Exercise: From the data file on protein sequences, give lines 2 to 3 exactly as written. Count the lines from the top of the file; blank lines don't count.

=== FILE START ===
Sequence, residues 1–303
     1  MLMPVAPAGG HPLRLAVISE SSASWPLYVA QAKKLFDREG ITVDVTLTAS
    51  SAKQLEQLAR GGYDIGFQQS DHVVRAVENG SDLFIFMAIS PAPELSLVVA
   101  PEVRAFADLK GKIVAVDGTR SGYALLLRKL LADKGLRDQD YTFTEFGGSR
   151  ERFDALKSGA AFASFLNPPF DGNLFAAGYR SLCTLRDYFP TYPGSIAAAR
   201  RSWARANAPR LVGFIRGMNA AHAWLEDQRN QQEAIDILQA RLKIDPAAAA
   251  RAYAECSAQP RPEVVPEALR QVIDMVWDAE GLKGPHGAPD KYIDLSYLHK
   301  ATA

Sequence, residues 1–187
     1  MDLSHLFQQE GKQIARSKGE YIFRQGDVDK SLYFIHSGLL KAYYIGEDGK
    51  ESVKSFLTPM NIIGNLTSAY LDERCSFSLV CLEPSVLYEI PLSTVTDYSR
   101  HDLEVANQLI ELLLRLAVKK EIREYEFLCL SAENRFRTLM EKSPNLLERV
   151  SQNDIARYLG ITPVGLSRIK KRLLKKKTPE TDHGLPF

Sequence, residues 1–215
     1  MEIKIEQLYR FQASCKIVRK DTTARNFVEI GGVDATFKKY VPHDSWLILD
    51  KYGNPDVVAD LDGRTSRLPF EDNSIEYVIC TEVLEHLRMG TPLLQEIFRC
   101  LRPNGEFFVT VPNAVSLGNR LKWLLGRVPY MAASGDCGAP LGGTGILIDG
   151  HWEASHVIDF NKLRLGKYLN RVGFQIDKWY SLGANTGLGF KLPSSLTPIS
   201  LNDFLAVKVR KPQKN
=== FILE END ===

     1  MLMPVAPAGG HPLRLAVISE SSASWPLYVA QAKKLFDREG ITVDVTLTAS
    51  SAKQLEQLAR GGYDIGFQQS DHVVRAVENG SDLFIFMAIS PAPELSLVVA